As a longtime proponent of LGBT equal rights, I have to agree that yesterday’s announcement by President Barak Obama affirming the rights of all Americans to marry the person they love is a watershed moment in gay rights history. But I’m deeply disappointed he didn’t speak out before North Carolina voters approved a harsh constitutional ban against same-sex marriage that will also ban domestic partnerships, which will especially harm older adults, both gay and straight.
No, I can’t applaud the president’s courage. He kept his convictions silent until the polls indicated there was clearly no risk whatsoever for him to join the rapidly growing number of Americans (a majority in fact for the first time ever) in supporting equal rights for gays and lesbians through marriage.
Obama should have spoken out before North Carolina voted on Tuesday to ban same-sex marriage, civil unions and domestic partnership benefits for all couples. This discriminatory amendment will hit families and older North Carolinians the hardest as the most important benefits provided in domestic partnerships are designed to protect couples and their children during times of illness and death.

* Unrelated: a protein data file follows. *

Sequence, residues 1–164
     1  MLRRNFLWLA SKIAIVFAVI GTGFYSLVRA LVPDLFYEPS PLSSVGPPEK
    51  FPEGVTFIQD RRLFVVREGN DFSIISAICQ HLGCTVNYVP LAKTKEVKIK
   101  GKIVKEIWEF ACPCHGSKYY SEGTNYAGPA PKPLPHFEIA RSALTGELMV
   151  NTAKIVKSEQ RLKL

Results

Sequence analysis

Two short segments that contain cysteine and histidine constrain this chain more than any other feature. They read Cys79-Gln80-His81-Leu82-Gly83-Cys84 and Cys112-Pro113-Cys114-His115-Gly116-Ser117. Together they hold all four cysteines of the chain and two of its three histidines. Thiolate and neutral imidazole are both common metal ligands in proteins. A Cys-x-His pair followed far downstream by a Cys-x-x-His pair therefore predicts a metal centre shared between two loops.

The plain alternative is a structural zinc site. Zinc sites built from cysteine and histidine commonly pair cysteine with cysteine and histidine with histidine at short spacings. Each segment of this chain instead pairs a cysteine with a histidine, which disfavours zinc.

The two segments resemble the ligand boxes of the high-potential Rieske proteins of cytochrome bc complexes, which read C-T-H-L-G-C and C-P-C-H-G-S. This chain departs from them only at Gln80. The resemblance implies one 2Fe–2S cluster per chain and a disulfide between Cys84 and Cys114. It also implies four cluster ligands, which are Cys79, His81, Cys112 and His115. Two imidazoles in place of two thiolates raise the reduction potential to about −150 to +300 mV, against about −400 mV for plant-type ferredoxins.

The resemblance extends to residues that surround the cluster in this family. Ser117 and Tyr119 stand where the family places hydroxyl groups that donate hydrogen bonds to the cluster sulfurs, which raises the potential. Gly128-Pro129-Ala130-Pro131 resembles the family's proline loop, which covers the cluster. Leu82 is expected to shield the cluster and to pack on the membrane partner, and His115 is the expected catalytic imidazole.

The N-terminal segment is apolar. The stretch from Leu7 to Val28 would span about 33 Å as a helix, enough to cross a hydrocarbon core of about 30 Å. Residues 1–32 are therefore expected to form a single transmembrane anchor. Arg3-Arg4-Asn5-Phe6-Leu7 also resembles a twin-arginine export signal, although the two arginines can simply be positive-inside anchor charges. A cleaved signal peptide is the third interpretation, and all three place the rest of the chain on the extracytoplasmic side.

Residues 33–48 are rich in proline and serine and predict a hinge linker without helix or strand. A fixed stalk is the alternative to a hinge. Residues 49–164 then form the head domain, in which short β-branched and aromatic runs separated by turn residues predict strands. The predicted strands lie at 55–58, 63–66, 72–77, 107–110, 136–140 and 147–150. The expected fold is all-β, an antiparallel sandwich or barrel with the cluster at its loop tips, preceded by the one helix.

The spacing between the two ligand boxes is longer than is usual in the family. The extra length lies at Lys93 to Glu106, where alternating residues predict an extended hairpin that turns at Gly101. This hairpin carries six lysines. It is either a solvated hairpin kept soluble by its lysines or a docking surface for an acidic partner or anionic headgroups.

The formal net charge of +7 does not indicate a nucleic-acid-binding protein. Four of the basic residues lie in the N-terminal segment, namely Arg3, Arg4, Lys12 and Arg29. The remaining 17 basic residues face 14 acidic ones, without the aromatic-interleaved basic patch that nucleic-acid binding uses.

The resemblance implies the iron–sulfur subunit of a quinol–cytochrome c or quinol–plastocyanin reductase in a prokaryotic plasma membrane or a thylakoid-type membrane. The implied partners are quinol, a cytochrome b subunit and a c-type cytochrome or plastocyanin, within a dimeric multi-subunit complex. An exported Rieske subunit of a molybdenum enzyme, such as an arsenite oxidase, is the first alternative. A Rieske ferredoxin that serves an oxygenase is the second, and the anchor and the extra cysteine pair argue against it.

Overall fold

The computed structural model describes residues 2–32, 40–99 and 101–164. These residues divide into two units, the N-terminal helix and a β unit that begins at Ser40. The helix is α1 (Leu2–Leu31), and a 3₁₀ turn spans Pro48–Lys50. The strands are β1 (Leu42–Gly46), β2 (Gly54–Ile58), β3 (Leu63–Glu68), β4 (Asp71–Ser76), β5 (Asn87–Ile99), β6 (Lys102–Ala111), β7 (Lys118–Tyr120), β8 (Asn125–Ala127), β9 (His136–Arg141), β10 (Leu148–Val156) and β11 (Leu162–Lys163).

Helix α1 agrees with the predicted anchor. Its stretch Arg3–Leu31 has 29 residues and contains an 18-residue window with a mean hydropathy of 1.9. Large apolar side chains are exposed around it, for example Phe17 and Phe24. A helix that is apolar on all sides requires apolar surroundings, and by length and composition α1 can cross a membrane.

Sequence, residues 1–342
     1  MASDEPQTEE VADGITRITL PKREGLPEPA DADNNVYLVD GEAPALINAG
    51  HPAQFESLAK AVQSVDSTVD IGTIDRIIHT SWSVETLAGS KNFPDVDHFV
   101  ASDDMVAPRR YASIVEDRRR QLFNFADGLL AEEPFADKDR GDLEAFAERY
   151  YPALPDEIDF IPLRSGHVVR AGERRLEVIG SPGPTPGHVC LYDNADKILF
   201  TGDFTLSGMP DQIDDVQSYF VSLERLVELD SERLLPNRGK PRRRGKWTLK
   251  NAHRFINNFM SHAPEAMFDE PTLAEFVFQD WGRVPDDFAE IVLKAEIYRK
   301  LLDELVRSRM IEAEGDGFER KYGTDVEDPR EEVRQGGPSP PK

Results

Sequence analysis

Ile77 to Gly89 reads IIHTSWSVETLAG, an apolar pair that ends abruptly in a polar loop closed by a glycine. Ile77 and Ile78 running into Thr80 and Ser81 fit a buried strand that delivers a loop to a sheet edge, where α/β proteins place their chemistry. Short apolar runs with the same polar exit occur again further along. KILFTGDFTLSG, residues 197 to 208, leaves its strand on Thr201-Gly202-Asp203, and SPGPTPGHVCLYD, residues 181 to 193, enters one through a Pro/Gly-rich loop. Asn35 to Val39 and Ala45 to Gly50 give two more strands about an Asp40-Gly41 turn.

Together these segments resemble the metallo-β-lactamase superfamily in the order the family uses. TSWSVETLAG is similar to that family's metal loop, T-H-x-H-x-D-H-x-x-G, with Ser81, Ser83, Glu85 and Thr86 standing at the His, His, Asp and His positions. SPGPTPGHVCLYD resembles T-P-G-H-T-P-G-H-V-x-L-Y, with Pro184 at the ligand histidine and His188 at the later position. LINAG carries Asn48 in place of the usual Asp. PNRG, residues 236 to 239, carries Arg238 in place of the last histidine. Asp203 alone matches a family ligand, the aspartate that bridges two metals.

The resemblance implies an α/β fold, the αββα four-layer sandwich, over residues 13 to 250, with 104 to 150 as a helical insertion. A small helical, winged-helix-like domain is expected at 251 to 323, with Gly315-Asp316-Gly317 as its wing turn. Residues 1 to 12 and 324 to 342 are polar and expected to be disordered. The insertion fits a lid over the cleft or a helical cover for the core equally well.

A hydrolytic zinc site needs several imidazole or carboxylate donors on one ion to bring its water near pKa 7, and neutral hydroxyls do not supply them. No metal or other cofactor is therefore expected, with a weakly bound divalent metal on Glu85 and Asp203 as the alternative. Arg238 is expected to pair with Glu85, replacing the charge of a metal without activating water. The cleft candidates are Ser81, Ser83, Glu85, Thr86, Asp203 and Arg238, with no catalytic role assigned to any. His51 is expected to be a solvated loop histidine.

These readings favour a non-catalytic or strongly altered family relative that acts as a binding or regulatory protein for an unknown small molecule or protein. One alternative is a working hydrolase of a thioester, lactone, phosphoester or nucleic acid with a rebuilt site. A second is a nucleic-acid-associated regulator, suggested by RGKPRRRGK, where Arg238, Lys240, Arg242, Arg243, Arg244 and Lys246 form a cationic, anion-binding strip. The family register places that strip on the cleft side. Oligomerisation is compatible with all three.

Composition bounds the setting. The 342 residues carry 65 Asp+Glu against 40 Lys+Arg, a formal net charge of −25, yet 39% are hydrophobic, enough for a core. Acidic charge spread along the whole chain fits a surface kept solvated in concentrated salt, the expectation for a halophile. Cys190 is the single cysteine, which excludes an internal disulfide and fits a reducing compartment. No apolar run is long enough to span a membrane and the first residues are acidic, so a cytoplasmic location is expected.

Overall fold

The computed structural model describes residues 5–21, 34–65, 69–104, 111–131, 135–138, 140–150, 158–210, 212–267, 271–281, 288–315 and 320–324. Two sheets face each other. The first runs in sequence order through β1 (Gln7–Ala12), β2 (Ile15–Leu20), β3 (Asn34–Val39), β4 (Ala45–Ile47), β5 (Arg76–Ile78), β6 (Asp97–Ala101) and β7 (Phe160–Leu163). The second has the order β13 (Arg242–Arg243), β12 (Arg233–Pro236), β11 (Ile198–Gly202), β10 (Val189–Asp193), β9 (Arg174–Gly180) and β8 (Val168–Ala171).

As I blogged in March, my current home state of Maryland is the next to vote on constitutionally banning same-sex marriage this November. The stakes are not as high as in North Carolina, as Maryland lawmakers legalized same-sex marriage and clearly support gay rights. But the symbolism of the vote and I think the potential in Maryland to be the first state to vote down a same-sex marriage ban is huge.
The latest polls had Marylanders about evenly split on the issue. I think the President’s announcement will have a profound effect on the debate. Conservative blogger Andrew Sullivan summed it up well on NPR yesterday:
There is something about hearing your president affirm your humanity that you don’t know what effect it has until you hear it. And I think of all those gay Americans over the centuries who never heard that, never believed it could happen. And I have to say I’m immensely proud of this president for doing what he did.
I may not be happy about how long it took, but now that the President is on the right side of history, I too am full of pride for what he did.